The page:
When the time came for me to leave the detention center it was harder than I had expected. I had grown a bond with these people and they had helped me so much to get to where I wanted to be and it saddened me to leave them behind.
At that age I still didn’t connect well so the fact that I had found a group of adults that I had an attachment to and had to leave made me sad. They spent my last day reminding my I could do anything I put my mind to and showered me with well wishes as I walked out the door for the last time.
I met with my mother at the front of the campus as she was bringing me things from home that were approved. She still wasn’t the happiest that this is where I was (not that I blamed her I understood) going to be but she gave me a hug and kiss and told me she loved me and would call soon.
Once through all the intake crap I was off to my cottage (that’s what the different building we were housed in were called). It had been made clear to me that this was my last chance and as I was the oldest girl on campus at the time I had to be on my best behavior.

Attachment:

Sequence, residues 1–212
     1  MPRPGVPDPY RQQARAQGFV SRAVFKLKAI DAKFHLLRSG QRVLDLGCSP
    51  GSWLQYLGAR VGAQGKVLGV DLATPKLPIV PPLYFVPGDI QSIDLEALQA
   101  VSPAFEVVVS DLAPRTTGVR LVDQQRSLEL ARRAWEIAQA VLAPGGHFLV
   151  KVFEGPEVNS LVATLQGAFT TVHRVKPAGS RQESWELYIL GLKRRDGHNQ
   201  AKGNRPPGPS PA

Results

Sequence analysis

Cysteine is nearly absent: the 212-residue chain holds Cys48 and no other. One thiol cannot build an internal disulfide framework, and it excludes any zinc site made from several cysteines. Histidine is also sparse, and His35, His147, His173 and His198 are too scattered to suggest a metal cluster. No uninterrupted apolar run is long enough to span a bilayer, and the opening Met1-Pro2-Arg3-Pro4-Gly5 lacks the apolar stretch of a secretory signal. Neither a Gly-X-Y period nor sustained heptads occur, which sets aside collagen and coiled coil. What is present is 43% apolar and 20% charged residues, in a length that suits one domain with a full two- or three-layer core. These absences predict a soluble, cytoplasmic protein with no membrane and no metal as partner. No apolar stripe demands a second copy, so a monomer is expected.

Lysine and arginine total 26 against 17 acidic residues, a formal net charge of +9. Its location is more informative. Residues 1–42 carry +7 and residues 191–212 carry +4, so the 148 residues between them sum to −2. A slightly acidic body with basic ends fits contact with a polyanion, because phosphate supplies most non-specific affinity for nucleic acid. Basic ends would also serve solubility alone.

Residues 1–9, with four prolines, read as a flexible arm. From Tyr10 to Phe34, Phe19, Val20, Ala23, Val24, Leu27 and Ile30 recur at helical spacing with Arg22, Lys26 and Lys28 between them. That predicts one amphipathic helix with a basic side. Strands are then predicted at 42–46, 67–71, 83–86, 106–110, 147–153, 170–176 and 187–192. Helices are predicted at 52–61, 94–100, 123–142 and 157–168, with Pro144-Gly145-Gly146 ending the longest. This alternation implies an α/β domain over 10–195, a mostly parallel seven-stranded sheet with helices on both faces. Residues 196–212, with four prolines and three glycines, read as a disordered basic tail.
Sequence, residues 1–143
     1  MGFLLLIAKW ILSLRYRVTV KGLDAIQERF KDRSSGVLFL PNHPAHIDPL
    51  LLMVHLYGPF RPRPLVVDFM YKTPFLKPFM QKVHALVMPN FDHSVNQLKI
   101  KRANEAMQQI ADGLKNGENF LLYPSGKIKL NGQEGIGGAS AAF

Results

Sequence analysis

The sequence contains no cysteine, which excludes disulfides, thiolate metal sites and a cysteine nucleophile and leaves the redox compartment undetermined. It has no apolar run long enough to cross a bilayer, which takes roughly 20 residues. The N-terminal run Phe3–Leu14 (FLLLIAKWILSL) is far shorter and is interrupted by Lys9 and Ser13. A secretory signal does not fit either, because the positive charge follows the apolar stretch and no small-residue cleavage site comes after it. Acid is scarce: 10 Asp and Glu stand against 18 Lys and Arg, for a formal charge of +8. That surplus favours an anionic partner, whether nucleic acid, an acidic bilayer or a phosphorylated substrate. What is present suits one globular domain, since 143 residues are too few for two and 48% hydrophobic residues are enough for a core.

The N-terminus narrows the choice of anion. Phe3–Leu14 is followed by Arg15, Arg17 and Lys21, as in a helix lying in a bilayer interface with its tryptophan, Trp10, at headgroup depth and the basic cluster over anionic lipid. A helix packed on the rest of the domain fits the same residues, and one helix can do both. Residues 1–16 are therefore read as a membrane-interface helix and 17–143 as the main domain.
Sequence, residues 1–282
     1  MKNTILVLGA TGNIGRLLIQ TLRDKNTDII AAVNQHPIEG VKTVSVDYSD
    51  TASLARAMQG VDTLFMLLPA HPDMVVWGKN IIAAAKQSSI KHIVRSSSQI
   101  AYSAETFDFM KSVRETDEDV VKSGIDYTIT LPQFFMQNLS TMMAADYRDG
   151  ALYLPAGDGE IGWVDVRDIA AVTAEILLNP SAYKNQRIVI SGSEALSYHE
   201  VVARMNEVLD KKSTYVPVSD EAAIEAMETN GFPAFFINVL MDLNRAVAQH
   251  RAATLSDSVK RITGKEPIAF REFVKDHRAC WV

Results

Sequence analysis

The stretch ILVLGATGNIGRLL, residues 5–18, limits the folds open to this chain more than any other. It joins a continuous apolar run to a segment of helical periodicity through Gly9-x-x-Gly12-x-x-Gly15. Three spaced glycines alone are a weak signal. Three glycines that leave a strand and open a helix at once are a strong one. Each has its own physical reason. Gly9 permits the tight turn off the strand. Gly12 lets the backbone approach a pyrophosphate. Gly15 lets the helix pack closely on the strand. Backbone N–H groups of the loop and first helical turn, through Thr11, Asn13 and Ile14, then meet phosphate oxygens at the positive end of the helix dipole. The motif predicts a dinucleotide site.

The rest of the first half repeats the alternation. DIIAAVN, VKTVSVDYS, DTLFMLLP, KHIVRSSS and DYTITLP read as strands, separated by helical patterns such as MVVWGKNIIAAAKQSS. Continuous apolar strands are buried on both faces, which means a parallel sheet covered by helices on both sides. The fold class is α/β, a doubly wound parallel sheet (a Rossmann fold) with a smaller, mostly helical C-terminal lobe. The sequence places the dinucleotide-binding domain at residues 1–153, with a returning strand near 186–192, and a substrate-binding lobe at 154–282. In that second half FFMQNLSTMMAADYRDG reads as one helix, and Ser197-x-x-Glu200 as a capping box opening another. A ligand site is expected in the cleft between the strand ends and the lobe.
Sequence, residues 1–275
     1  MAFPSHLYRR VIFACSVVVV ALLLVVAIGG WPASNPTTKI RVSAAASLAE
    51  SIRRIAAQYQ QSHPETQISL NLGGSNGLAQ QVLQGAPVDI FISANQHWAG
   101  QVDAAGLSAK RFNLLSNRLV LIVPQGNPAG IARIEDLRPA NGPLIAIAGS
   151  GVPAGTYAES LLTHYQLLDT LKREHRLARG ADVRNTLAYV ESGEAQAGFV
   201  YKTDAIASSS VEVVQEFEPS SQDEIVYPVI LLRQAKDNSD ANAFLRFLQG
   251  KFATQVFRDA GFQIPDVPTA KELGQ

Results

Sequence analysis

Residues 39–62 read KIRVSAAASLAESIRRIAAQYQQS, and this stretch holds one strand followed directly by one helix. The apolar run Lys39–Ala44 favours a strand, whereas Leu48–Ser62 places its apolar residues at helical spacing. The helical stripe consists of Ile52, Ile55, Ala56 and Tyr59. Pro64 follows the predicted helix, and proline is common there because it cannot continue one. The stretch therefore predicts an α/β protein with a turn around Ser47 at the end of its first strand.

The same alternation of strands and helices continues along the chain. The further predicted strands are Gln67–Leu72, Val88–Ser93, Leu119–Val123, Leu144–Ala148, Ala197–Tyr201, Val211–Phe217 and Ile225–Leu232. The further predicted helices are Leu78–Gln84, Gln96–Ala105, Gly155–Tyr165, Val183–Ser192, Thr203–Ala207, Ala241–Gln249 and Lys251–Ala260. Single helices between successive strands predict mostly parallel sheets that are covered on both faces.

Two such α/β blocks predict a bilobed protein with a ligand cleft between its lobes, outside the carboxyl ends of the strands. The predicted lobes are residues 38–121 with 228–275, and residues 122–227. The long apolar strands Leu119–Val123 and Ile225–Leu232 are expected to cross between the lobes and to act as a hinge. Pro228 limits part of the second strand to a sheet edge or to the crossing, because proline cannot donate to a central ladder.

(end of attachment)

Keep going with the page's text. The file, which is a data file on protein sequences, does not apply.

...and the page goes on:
I had no intentions on getting into trouble as I knew for a fact that my next step was seriously not where I wanted to end up. I met most of the girls and staff in my cottage and retreated to my assigned room. I wasn’t forced out the first day or two as I was new and they wanted to give me time to “adjust ” as they had put it.
I had spent some time in common areas listening and people watching and I quickly realized that not on;y was I the oldest girl here I was the only one who seemed to believe they belonged here. The air around me was filled with “it’s my mom and dad’s fault” I don’t belong here” and “I didn’t do anything wrong” and that was all I needed to here to know that I probably didn’t want to mingle much.
I spent like that first week stuck in my books. I had found my escape from the bullshit around me printed on the pages before me as I had many times before.
“Books are a uniquely portable magic.” – Stephen King